• The risk of virtual participants feeling disengaged as a ‘secondary’ audience.
  • High cost and logistic challenges to accommodate the needs of both on-site and virtual participants.
  • It can be difficult to design workshops and activities that are equally valuable for both in-person and virtual participants.

Critical considerations

  • Is connecting with people in the room more important than creating a strong link with the people watching online? A small practical example – should hosts and speakers address the camera, or should they look at the live audience while they deliver their messages?
  • To which degree should the agenda be designed to accommodate for screen fatigue and different time zones?
  • Should workshops and engagement activities include the audience as a whole, or is it okay that certain activities are “in-person only”?


studio show with large audience

A virtual event broadcast from a studio with a limited audience in the room. Most participants will watch online sitting by themselves. As close to a pure virtual summit as we can get while still being “hybrid”. This set-up comes very close to making a broadcast show for television with a small live audience.


  • The set-up is ideal for creating a great show for the online participants. The in-studio audience can add an extra “live” feeling to the show.   
  • Virtual engagement can be tailormade to support cross-organisational collaboration and knowledge sharing.
  • High savings on travel time, carbon-emissions, airfare, and accommodation as most participants join from home.
  • Additional participants can easily join without driving additional costs.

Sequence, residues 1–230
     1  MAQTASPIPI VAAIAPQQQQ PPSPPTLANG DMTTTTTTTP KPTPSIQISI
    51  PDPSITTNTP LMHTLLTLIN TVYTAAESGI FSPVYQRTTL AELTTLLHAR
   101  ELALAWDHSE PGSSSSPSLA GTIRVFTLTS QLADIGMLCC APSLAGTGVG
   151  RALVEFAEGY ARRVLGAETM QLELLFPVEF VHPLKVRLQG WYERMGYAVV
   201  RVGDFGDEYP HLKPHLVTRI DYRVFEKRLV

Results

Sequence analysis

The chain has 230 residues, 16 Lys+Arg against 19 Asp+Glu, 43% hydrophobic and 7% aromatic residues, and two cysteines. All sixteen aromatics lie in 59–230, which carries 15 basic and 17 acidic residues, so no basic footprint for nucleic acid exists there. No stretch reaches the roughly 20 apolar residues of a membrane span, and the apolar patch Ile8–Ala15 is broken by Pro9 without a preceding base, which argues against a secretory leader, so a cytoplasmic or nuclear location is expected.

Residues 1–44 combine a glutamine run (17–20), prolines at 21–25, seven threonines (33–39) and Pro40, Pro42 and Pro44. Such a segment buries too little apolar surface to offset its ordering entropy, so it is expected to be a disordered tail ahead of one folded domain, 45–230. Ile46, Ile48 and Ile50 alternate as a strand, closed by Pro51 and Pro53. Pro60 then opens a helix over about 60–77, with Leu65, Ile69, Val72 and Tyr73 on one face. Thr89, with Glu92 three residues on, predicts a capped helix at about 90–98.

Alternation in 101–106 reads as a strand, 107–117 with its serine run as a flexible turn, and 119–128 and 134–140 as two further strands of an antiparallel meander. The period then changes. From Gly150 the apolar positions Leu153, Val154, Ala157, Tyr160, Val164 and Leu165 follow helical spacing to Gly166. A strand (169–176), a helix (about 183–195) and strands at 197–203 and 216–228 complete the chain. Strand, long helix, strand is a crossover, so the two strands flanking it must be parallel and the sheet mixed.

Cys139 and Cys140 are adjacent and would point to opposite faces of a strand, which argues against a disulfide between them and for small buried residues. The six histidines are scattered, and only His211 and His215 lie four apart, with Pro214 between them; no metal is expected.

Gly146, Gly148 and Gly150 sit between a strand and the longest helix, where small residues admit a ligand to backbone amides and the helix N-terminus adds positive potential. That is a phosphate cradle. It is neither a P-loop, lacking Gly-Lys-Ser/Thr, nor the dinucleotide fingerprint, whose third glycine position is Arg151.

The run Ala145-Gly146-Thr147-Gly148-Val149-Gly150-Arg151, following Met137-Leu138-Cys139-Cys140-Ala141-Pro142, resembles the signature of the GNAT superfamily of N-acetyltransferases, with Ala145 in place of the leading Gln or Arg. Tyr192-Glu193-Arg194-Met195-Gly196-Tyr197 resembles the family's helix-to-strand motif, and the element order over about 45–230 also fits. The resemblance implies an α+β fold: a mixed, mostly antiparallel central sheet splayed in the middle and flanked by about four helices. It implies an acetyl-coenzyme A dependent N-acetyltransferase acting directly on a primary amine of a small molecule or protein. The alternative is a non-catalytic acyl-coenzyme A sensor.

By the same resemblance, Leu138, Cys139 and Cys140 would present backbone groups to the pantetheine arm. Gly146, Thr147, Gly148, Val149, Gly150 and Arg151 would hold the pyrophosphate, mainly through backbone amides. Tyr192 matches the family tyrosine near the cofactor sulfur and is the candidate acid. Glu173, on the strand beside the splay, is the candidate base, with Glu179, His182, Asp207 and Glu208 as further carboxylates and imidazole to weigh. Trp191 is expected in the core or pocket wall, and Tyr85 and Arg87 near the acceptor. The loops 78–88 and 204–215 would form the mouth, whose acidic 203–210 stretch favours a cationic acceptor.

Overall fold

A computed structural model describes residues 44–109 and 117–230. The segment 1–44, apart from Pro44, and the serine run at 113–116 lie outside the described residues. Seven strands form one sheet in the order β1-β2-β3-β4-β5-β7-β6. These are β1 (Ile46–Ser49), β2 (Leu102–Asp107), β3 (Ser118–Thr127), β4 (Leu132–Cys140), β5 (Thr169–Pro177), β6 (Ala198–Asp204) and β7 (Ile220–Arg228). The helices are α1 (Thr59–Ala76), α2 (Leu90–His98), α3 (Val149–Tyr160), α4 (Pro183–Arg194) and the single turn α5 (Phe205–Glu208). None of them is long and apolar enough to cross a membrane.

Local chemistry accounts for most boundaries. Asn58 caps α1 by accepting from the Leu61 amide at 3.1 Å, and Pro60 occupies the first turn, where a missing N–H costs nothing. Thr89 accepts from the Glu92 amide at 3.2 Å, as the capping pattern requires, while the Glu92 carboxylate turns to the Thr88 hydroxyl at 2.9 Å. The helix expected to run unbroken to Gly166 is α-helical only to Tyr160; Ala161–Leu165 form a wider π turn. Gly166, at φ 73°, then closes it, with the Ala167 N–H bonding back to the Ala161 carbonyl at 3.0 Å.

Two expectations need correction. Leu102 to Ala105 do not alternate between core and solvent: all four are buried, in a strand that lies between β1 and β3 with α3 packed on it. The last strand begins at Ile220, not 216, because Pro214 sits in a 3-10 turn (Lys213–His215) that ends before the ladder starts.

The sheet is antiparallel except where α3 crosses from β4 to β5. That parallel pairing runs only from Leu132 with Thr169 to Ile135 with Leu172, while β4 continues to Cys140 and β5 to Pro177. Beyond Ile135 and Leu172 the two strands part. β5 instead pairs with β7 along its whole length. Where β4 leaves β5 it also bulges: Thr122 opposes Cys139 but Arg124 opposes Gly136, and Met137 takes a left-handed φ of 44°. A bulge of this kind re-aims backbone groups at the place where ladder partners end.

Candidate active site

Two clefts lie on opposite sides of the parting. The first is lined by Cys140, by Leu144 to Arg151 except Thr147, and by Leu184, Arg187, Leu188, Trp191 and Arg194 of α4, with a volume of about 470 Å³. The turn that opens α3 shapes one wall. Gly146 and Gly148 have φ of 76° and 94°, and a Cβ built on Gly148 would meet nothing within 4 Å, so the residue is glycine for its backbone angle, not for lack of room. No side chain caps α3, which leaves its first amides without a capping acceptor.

• The in-person participants will get a different experience as both the show and engagement activities will be designed mainly for the virtual audience.
  • Creating a great broadcast show from a studio takes a lot of planning and preparation.    
  • Virtual participation creates extra conditions and constrains such as the risk of screen fatigue and navigating across time zones.

Critical considerations

  • How can we ensure that the summit stands out to the online participants as something special?
  • Who do we invite into the studio and how does this support our message?
  • How can we utilise the limited in-studio participants? Can they be activated in ways that deliver extra value to their colleagues joining online?


connected gatherings

All participants take part in local in-person sessions e.g. a country or regional leadership team. Here, there is no main location or studio, but all the local events are connected online. Major content and activities such as keynotes will be streamed from one of the local sites to the rest of the participants. Some presentations and activities will be done locally, which offers an opportunity to adjust content and messaging to local conditions and needs.